- 1. FindWindow()
- 2. Parent Process Check
- 3. Selectors
- 4. DbgPrint()
- 5. DbgSetDebugFilterState()
- 6. NtYieldExecution() / SwitchToThread()
- 7. VirtualAlloc() / GetWriteWatch()
This technique includes the simple enumeration of window classes in the system and comparing them with known windows classes of debuggers.
The following functions can be used:
Normally, a user-mode process is executed by double-clicking on a file icon. If the process is executed this way, its parent process will be the shell process (“explorer.exe”).
The main idea of the two following methods is to compare the PID of the parent process with the PID of “explorer.exe”.
This method includes obtaining the shell process window handle using user32!GetShellWindow() and obtaining its process ID by calling user32!GetWindowThreadProcessId().
Then, the parent process ID can be obtained from the PROCESS_BASIC_INFORMATION structure by calling ntdll!NtQueryInformationProcess() with the ProcessBasicInformation class.
The parent process ID and the parent process name can be obtained using the kernel32!CreateToolhelp32Snapshot() and kernel32!Process32Next() functions.
Selector values might appear to be stable, but they are actually volatile in certain circumstances, and also depending on the version of Windows. For example, a selector value can be set within a thread, but it might not hold that value for very long. Certain events might cause the selector value to be changed back to its default value. One such event is an exception. In the context of a debugger, the single-step exception is still an exception, which can cause some unexpected behavior.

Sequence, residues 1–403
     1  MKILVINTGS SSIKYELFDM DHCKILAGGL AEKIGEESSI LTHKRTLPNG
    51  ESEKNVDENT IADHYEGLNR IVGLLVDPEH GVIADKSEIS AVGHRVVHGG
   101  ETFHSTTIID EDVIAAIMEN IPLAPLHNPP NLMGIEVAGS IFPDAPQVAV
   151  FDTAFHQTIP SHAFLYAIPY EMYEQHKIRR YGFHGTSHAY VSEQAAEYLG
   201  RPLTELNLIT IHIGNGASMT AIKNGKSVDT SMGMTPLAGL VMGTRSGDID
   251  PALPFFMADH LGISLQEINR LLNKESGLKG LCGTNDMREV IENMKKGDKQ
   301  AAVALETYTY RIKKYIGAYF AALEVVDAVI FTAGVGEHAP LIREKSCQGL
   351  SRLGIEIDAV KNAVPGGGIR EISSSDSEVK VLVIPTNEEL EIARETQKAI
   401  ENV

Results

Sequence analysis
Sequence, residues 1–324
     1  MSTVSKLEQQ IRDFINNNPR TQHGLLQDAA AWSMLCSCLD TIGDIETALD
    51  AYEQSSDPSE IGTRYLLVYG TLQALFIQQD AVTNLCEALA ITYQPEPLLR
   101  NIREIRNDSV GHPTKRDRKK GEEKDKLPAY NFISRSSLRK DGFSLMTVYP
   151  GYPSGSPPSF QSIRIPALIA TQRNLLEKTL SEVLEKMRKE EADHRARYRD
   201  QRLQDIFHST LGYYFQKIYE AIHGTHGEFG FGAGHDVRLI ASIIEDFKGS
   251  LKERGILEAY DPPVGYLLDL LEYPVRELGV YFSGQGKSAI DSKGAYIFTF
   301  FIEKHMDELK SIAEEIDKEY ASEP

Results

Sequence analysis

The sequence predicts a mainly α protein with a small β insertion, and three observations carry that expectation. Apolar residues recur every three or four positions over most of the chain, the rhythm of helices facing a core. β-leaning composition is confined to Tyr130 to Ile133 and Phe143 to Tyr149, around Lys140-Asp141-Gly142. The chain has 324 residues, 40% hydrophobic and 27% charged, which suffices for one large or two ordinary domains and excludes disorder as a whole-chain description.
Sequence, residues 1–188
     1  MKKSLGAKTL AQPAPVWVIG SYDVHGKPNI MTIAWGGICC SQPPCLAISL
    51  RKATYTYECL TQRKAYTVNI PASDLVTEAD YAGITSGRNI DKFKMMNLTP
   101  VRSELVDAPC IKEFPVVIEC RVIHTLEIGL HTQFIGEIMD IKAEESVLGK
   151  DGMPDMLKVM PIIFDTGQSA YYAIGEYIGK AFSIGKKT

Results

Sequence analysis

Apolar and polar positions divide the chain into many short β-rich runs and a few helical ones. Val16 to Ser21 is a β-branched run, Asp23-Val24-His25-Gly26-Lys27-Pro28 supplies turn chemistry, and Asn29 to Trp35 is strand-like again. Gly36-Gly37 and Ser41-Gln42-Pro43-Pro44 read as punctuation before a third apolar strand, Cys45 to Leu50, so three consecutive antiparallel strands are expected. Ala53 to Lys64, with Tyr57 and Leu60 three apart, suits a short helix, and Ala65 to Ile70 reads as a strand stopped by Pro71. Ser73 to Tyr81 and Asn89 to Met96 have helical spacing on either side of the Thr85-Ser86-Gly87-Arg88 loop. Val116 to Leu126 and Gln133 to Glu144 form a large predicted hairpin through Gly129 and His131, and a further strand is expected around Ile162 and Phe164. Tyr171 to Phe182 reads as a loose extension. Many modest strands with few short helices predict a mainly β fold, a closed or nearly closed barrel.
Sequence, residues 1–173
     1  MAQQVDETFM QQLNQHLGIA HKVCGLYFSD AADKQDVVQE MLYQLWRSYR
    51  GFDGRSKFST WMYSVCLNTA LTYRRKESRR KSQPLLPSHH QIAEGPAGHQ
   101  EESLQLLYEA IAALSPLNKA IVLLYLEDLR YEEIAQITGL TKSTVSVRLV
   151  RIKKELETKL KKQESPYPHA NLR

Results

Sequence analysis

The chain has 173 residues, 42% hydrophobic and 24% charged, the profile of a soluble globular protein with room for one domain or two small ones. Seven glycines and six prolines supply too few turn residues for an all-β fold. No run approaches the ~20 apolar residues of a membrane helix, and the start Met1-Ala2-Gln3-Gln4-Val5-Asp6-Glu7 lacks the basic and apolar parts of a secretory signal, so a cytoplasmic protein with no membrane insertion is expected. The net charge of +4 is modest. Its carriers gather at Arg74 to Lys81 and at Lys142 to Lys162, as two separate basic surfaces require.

On the 64-bit versions of Windows, single-stepping through this code will cause an access violation exception at l1 because the DS selector will be restored to its default value even before l1 is reached. On the 32-bit versions of Windows, the DS selector will not have its value restored, unless a non-debugging exception occurs. The version-specific difference in behaviors expands even further if the SS selector is used. On the 64-bit versions of Windows, the SS selector will be restored to its default value, as in the DS selector case. However, on the 32-bit versions of Windows, the SS selector value will not be restored, even if an exception occurs.
then when the “int 3” instruction is reached at l1 and the breakpoint exception occurs, the exception handler at l2 is not called as expected. Instead, the process is simply terminated.
A variation of this technique detects the single-step event by simply checking if the assignment was successful.